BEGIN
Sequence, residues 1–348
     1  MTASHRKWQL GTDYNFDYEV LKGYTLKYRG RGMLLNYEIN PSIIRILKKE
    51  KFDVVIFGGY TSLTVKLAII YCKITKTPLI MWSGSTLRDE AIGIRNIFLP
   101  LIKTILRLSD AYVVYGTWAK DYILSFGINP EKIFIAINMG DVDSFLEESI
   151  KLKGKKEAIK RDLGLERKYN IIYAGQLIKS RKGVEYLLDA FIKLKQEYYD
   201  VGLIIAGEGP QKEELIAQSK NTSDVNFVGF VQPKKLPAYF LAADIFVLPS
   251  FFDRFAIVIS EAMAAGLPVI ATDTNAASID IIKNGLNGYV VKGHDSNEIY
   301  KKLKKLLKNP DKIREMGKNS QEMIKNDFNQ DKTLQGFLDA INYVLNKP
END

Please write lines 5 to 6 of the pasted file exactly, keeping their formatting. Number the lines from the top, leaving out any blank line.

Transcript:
   151  KLKGKKEAIK RDLGLERKYN IIYAGQLIKS RKGVEYLLDA FIKLKQEYYD
   201  VGLIIAGEGP QKEELIAQSK NTSDVNFVGF VQPKKLPAYF LAADIFVLPS